“It is not easy to find the extraordinary in the ordinary. Matthias Jung does so, by discovering and documenting the life and human landscape of a small Belgian region where German speakers dreamt of creating an independent country right after World War II. With a strong and decisive use of black and white, Jung explores the descendants of those first dreamers who wanted to create a community united by the language Esperanto. Shot with respect, we smile while perceiving the sense of belonging and pride that permeates the glances of the people portrayed while they go about their daily chores and leisurely activities. We are entranced and immediately drawn in, and left with the desire to get to know them and pay a visit to the region to share and enjoy the idea of home and independence they convey.”

The exhibition at Getxo Photo Festival, which will take place in the Basque town this June, was awarded to Family by Ukrainian Spasi Sohrani. Maria Ptqk motivates her choice:

“Three years ago, Ukranian artist Spasi Sohrani started a photographic collaboration with her parents inverting the usual terms of the dressing-up game. ‘They are like those children whose mother puts them in front of the Christmas tree dressed in special clothes to take a photo for the family album. While the mother spends her time looking for the best angle, the girl looks at the camera with a frown because she is bored and she is uncomfortable dressed like this’, she says. For Sohrani, who began her career as an advertising photographer of objects, Family is a reinterpretation of the memories of parents and children from an adult perspective. Separated by war and with few occasions to meet, the project has become a channel to return to what each remembers from that common past.”

The solo show at PhMuseum Lab was awarded to That Moment When You Can See The Crack In The World by Swiss Matthieu Croizier. PhMuseum's Visual Editor Camilla Marrese commented:

“ 'A love letter to the abnormal, a farewell to the norm', Matthieu Croizier’s work sets bodies free from the way they are supposed to look like. He tilts and twists paradigms to shape a world where the horizon’s line isn’t straight, and flesh is not condemned to order. The words ‘beauty’ and ‘ugliness’ cease to mean much, monstrosity is reclaimed as tender and spectacular, queerness is a magical and constant act of mutation. If the images that we are used to seeing define the things we’re able to imagine, That Moment Where You Can See The Crack In The World suddenly expands the coordinates of what we feel is possible. Reality has opened up, free and in flux.”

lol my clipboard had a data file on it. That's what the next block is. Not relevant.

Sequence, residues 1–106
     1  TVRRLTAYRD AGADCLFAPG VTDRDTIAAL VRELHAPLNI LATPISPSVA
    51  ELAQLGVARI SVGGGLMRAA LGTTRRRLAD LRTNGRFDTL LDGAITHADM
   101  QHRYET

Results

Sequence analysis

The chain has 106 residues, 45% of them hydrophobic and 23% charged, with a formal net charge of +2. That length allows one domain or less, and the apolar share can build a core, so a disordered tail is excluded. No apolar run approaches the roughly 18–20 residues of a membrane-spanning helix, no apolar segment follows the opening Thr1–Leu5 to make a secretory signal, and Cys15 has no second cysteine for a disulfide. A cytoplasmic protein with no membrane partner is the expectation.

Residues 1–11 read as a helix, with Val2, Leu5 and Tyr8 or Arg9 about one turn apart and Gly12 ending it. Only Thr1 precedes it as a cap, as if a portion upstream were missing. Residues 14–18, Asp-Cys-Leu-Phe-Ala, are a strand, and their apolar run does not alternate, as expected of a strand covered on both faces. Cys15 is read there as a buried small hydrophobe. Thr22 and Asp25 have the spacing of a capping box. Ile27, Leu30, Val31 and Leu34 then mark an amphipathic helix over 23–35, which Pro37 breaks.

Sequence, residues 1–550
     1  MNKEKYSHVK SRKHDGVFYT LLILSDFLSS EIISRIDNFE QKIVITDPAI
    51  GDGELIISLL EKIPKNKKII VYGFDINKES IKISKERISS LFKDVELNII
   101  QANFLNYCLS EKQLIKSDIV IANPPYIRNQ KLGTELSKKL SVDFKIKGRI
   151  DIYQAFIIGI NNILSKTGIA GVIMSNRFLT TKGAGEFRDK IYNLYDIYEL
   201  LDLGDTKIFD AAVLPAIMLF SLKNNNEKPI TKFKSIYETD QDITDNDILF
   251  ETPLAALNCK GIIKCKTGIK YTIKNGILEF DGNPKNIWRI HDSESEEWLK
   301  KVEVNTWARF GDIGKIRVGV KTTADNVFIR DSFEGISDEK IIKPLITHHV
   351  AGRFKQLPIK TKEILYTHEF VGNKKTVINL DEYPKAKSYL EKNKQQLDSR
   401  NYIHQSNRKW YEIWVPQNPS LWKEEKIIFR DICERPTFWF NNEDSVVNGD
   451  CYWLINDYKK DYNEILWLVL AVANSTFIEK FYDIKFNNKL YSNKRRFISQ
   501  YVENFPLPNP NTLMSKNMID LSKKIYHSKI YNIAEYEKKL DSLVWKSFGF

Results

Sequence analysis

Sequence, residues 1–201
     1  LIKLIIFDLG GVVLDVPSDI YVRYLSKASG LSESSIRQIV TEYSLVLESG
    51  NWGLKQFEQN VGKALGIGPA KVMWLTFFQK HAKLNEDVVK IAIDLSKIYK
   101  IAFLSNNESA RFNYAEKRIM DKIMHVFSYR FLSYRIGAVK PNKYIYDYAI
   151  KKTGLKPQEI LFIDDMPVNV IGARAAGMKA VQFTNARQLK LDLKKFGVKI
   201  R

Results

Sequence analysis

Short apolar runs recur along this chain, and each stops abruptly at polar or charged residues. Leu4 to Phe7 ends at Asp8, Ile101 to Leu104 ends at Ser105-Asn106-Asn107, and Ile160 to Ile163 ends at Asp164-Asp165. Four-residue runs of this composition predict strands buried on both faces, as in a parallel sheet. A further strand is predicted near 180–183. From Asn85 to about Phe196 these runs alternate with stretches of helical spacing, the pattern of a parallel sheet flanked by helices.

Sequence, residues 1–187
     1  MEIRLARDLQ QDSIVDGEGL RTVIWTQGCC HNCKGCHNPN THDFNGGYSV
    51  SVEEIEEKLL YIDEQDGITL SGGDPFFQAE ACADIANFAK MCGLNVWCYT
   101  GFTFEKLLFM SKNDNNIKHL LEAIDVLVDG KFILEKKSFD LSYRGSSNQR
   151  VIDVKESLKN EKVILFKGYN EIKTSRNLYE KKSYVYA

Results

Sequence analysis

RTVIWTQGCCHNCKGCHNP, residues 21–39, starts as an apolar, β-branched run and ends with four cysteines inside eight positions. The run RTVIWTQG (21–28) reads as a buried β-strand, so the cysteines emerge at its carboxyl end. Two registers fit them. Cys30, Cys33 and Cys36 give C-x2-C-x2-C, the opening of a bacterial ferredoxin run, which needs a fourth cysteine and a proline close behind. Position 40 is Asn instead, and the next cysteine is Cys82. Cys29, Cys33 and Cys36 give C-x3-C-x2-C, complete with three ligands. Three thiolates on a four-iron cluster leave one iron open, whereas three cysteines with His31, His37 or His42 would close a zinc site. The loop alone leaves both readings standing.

A big thank you to all participants, jurors and organisations who supported this 12th edition. The 34 shortlisted projects of this 12th edition will be screened at Verzasca Photo 2024, Kranj Foto Fest 2024, and PhMuseum Days 2024, and many of them will be featured in the coming months. Meanwhile, enjoy all the selected and shortlisted projects at phmuseum.com/g24!

From High Visibility (Blaze Orange) © Jaclyn Wright
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From High Visibility (Blaze Orange) © Jaclyn Wright

From Spell Of The Caspian Lotus © Kjavanmardi
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From Spell Of The Caspian Lotus © Kjavanmardi

From Dead Letter Room © Allie Tsubota
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From Dead Letter Room © Allie Tsubota

From Techniques Of The Liar © Shelli Weiler
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From Techniques Of The Liar © Shelli Weiler

From Esperanto © Matthias Jung
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From Esperanto © Matthias Jung

From Family © Spasi Sohrani
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From Family © Spasi Sohrani

From That Moment When You Can See The Crack In The World © Matthieu Croizier
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From That Moment When You Can See The Crack In The World © Matthieu Croizier